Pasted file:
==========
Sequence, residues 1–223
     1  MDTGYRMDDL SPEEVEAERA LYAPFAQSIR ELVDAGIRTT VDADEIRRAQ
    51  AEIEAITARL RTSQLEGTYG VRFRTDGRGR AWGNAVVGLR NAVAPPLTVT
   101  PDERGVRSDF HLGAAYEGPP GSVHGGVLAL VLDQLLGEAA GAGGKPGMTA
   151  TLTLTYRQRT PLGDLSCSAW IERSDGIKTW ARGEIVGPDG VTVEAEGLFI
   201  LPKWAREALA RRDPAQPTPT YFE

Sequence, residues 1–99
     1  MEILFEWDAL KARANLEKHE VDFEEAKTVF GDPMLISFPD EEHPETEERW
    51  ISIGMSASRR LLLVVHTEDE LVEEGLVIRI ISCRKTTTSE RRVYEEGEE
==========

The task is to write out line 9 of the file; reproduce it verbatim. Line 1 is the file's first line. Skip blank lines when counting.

    51  ISIGMSASRR LLLVVHTEDE LVEEGLVIRI ISCRKTTTSE RRVYEEGEE